If the founder can be convinced a succession plan is in the business's best interest, Horak recommends taking some specific steps.
"We recommend family business be 10 years out when talking about succession. It includes grooming the next generation of leaders, which sometimes is a nonfamily member who comes in. Usually we want (the new leaders) to have an education or MBA and we want them to have a minimum five years' experience outside the business, often acquiring some level of management on their own merits so they're not ascending to the throne."
Then there are in-fighting problems that may occur if there's more than one family member who thinks he or she should be the company's next president, which a proactive succession plan can often resolve.
"That's important because people think of family businesses as a financial wealth machine and oftentimes it's a delicate relationship machine, and parents are more concerned with relationship succession than financial succession" said Steffel. "The key to a successful plan is coordinating the succession of both management and ownership with the goals of both the business and the family."
According to Steffel, a strategic family business succession plan needs to separately analyze who will succeed to the management of the business operations and who will succeed to the ownership of the business interests. This dual analysis helps families achieve their business and financial goals through structures that significantly impact multiple levels of both taxation (income, gift, estate, and generation skipping) and asset protection, each of which always apply to the transition of the ownership.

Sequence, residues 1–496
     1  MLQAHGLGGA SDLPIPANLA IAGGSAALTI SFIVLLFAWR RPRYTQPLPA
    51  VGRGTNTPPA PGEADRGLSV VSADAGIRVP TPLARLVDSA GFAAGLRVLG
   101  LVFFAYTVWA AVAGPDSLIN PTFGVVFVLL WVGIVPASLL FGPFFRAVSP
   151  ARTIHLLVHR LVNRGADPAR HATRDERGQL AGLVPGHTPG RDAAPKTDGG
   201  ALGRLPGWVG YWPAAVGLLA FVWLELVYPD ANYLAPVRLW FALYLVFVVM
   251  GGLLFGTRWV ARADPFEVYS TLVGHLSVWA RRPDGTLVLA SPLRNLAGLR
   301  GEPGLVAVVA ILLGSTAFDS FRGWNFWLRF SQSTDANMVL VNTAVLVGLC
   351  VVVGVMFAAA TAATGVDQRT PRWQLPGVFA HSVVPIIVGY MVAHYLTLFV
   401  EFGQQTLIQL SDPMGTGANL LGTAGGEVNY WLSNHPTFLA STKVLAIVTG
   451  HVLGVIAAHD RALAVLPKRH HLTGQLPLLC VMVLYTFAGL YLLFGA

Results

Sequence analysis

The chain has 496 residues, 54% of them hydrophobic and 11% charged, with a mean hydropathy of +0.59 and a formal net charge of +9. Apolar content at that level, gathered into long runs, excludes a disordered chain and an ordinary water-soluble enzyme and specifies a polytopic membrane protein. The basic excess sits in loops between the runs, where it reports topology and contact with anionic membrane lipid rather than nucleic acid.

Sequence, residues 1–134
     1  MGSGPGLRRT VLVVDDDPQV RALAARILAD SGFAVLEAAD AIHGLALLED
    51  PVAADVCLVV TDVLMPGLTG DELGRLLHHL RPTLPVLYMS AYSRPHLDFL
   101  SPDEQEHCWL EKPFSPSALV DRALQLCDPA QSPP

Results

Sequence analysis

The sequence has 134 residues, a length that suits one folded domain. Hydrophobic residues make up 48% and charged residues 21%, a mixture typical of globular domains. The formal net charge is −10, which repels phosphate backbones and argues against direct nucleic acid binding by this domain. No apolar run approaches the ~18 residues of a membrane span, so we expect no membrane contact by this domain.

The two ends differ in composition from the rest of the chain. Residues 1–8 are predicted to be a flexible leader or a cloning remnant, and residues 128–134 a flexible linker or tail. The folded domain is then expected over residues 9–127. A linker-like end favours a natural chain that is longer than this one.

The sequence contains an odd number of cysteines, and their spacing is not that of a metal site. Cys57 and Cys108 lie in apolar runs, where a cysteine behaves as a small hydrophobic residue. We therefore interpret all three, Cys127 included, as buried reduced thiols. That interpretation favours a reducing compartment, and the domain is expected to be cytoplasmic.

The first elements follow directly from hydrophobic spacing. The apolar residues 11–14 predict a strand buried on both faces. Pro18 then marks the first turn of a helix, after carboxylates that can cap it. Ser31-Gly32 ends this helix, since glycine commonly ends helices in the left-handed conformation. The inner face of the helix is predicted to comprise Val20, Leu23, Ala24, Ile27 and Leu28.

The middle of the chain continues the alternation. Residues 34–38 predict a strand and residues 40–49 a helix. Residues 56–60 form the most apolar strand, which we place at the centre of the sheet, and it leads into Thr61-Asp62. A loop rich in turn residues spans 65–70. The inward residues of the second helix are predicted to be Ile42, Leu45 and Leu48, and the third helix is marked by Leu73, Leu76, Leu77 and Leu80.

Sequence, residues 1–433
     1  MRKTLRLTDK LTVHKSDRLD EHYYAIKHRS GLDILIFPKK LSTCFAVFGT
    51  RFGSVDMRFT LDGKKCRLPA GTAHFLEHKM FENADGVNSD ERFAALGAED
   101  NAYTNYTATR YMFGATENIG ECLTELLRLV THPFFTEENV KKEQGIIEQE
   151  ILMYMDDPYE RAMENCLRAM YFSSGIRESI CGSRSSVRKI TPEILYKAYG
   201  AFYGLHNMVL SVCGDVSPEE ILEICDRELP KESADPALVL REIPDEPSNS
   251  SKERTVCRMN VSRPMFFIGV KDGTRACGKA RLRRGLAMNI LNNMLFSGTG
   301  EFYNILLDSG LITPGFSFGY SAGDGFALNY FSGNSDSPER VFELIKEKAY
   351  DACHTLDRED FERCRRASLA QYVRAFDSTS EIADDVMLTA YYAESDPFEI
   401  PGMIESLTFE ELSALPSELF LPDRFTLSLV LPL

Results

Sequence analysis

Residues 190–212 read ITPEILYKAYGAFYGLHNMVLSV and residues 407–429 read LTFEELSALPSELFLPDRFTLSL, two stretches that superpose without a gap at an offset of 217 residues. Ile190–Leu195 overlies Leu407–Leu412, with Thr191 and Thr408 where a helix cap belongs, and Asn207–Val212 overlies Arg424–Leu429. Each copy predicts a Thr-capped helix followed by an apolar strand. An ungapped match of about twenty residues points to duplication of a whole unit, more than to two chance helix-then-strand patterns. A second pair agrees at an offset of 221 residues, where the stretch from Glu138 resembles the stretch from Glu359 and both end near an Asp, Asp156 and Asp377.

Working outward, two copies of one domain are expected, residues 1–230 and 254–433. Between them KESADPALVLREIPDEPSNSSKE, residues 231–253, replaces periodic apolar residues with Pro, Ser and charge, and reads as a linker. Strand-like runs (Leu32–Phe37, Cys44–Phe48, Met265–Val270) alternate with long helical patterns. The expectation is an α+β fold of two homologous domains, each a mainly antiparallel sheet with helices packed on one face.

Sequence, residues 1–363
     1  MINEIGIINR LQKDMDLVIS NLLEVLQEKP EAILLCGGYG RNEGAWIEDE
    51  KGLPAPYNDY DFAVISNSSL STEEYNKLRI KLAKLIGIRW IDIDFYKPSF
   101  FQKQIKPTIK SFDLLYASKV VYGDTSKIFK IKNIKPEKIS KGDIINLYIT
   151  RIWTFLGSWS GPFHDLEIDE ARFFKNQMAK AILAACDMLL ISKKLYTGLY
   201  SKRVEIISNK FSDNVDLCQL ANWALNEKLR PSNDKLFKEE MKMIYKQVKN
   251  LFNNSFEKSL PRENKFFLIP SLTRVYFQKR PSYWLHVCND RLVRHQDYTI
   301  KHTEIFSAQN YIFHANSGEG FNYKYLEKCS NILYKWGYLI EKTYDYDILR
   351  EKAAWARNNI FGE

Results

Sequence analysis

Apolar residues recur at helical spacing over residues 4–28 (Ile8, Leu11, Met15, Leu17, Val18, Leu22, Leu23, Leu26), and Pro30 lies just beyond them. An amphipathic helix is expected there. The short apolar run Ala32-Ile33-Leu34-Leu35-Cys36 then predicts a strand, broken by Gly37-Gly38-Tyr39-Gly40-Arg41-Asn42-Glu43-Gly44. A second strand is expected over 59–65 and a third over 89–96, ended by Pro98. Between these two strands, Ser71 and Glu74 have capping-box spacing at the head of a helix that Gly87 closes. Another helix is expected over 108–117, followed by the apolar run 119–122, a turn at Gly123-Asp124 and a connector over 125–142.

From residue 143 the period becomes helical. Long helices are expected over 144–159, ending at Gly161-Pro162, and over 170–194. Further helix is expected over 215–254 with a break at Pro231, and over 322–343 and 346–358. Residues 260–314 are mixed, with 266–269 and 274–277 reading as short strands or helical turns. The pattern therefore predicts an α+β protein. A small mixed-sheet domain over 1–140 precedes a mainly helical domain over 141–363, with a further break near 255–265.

"This is not a one-size-fits-all process because of two things: Every family is different and every business is different," said Steffel. "For example, the wealth creator of a business, the person who initiated the business in the first place and saw its growth - or I should say, managed its growth - might have no children, or no children who appear to be interested in the family business. That's a different story than an engineering business that has three kids who graduated from MIT."
Some families that squabble over who will take the leadership reins may settle on a co-leadership arrangement, said Horak.
"It's more common today to see co-presidents of siblings if they're working well," said Horak. "But oftentimes, it can be a difficult question when people aren't effective leaders and are lacking in some significant ways. The family may have been avoiding making one of their sons (president) who's a bully and who assumed he was going to be the leader. It's pretty brutal to tell somebody they're not going to be in leadership. Or they get fired, and next week is Thanksgiving dinner." Many business succession issues especially those that are tax-related, can be impacted by the choice of the entity used for business operations, according to Steffel. "This remains true even though we now have checkbox regulations that in many instances give entities the choice of how they would like to be taxed."